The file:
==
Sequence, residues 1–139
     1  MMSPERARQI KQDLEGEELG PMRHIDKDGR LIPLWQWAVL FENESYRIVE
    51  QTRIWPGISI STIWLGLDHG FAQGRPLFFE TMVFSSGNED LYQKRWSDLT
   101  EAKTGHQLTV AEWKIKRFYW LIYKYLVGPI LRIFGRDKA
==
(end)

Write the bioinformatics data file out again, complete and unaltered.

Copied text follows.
Sequence, residues 1–139
     1  MMSPERARQI KQDLEGEELG PMRHIDKDGR LIPLWQWAVL FENESYRIVE
    51  QTRIWPGISI STIWLGLDHG FAQGRPLFFE TMVFSSGNED LYQKRWSDLT
   101  EAKTGHQLTV AEWKIKRFYW LIYKYLVGPI LRIFGRDKA